A Letter to My Students as I Leave Adjunct Teaching
I’ll miss you. If you don’t believe me, ask any of my former students. Or ask my husband who has had to put up with my moping and my bouts of tears these past few weeks as the semester winds down to an end.
It’s not you; it’s me. I can’t teach for poverty wages and zero benefits any longer. The university administrators have taken advantage of my need to mentor long enough. Knowing that teaching is a calling, administrators have carved out a fiefdom in which they exploit this need of ours to teach, while paying themselves fabulous salaries and bonuses (see “UNH justifies bonuses for administrators” HERE).
When I began, I didn’t even make minimum wage for all the hours I worked. About four years ago I finally climbed past that lofty ambition, and now make about $14 to $17 an hour each week, depending on how much grading I have, how many extra emails I need to respond to, and how many times I need to meet with students.After ten years of teaching for the university, I am paid $1000 per credit—a sum I’ve reached after having to ask for my raise every other year. The last time I asked for a raise, I was told via email that this was “the upper limit of the UNHM adjunct pay scale.” A few weeks later I learned of a colleague who was offered almost double that amount—$1950 a credit—to teach his first class.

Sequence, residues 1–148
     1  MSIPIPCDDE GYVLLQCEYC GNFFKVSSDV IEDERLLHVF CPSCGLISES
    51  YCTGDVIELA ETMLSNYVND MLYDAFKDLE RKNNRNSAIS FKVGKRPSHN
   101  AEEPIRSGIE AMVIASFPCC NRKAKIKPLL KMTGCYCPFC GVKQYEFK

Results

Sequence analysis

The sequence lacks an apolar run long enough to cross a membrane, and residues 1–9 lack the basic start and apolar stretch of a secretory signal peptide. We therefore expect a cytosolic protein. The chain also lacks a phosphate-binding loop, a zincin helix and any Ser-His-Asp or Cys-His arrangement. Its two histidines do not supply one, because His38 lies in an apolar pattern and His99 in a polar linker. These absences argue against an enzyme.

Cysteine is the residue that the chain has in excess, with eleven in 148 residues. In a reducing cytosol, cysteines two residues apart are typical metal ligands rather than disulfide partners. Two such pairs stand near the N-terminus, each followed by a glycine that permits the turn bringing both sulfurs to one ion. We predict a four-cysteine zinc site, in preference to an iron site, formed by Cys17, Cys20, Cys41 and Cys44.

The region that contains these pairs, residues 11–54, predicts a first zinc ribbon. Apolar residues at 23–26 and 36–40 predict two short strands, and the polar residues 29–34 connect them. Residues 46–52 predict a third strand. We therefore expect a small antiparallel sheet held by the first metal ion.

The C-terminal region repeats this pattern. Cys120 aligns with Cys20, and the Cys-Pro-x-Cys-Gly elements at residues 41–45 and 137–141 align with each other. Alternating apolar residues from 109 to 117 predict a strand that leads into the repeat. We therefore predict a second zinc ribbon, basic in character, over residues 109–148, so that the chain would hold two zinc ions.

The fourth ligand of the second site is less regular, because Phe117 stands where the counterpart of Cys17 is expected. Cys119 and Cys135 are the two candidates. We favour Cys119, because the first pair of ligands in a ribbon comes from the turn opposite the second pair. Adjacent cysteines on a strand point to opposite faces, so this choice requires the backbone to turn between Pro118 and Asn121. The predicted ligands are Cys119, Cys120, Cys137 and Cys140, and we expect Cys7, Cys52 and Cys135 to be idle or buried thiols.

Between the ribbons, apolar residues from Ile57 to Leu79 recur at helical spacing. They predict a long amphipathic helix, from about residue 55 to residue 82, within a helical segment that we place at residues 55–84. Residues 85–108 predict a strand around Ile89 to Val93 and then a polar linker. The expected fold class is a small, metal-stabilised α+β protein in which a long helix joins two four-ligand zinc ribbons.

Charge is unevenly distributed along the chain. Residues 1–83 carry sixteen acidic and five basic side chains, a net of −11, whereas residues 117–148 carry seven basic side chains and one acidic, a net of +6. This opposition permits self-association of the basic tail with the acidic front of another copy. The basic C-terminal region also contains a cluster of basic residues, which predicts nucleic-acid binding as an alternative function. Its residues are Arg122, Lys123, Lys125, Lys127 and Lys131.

I thought my time here would eventually be rewarded with an offer of full-time employment. I was wrong, and should have known better. Why would the university administrators offer me benefits and a livable wage if I’m obviously willing to work for almost nothing? Why buy the tree if you can get the apples for free?
I’m uncertain of my future since I thought I was working toward it this past decade. But I am certain of my advice to you: Do not pursue advanced degrees with the thought that you will teach at a college or university one day. If the university’s administrators have made anything clear, it is this: Faculty members are not valued; they can be bought for a couple thousand dollars and zero benefits. It’s an unlivable wage. To administrators, it’s an unspeakable wage, for you won’t hear it from them.
Therefore, your assignment, should you choose to accept it, is this: Ask your professor if she or he is an adjunct. If so, ask if they make a livable wage. When they’ve stopped laughing or crying or both, ask what you can do to help in the struggle to pay adjunct faculty a fair and livable wage with benefits. Then do it, whether it takes the form of a picket line, a letter to the editor, a petition to administration, an email to your legislator, sharing a handout I’ve prepared (available HERE), or what have you. It won’t be easy, but it will be much appreciated.
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